All Sonnie Mancuso wants is to be needed by her father. Unfortunately, he already has a daughter–six, to be exact–and all he needs is a son.

One of her father’s men . . .

Orphaned in the slums of New York, fifteen-year-old Lance Harmon needs a home. Sonnie’s father gives him one, on the cattle-rich Rocking M ranch. Through the years, Lance learns to love the land, the work . . . and Sonnie.

And their legacy . . .

But Vince Mancuso’s health is failing, and there’s trouble on the Wyoming range. Sonnie returns home to claim the legacy that’s rightfully hers . . . but learns Lance has already claimed it.

Sweet and gritty romance.

I think I’ve mentioned about a few hundred times through the years that I’m from Oklahoma, and was lucky enough to marry a guy who loved my home state, too–so I got to come back HOME after we married! This next book is one that has some really interesting stories in it…they are very entertaining, but I’m not sure all of them are factually verified. Still, it makes for great reading!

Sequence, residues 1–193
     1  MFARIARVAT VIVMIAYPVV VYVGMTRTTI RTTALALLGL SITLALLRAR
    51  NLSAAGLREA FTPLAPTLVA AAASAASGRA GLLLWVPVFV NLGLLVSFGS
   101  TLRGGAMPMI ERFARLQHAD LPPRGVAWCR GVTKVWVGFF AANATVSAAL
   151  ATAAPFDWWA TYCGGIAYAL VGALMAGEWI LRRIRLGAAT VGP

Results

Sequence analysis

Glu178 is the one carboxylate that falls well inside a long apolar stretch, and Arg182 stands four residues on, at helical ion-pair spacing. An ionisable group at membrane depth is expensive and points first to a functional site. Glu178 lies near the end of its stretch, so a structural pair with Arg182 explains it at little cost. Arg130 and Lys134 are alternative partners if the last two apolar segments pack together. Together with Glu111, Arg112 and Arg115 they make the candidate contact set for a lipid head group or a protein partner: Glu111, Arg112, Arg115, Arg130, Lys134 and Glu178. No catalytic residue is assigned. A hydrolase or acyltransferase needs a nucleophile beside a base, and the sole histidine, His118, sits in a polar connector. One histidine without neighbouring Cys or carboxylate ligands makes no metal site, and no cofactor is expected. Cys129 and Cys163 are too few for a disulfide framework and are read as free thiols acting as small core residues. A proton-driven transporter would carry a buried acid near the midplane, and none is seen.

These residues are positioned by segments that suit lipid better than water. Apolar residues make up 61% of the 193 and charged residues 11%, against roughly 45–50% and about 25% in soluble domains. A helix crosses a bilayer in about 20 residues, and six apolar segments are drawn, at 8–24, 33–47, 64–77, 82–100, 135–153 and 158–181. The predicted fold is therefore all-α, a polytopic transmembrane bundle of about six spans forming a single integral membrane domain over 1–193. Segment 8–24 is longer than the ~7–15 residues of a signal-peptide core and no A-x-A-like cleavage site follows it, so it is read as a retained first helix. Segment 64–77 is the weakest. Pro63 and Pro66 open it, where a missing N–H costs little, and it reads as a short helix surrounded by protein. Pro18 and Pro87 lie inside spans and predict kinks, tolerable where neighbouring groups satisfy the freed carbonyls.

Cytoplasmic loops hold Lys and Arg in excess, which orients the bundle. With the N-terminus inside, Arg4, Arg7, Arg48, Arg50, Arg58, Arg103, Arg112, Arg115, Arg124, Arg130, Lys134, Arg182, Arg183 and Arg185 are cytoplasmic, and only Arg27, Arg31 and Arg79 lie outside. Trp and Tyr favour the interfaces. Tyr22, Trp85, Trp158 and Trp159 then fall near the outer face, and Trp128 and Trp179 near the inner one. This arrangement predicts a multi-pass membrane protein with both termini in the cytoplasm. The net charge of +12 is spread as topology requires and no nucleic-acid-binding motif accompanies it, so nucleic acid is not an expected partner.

The Oklahoma Land Rush was a madhouse scene that brought both smiles and heartache to its participants.There is also the wonderful story about Cherokee Indian Lewis Ross who drilled for water but failed. He wasn’t disappointed though, as he struck oil instead.Then there’s the wild and woolly No-Man’s land in the Oklahoma Panhandle where outlaws could hide without fear of the law. There was no law.No history of Oklahoma would be complete without a run-down on its favorite son, the ever-humorous Will Rogers.